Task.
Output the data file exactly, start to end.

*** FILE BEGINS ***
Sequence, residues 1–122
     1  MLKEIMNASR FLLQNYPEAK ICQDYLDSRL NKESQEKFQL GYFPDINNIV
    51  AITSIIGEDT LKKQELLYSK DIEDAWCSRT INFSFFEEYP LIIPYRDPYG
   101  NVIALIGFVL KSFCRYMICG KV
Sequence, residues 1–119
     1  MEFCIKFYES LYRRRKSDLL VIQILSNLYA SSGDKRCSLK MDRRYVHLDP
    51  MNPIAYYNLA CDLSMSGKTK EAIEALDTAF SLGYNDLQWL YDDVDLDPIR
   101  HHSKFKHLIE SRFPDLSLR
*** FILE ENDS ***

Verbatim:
Sequence, residues 1–122
     1  MLKEIMNASR FLLQNYPEAK ICQDYLDSRL NKESQEKFQL GYFPDINNIV
    51  AITSIIGEDT LKKQELLYSK DIEDAWCSRT INFSFFEEYP LIIPYRDPYG
   101  NVIALIGFVL KSFCRYMICG KV
Sequence, residues 1–119
     1  MEFCIKFYES LYRRRKSDLL VIQILSNLYA SSGDKRCSLK MDRRYVHLDP
    51  MNPIAYYNLA CDLSMSGKTK EAIEALDTAF SLGYNDLQWL YDDVDLDPIR
   101  HHSKFKHLIE SRFPDLSLR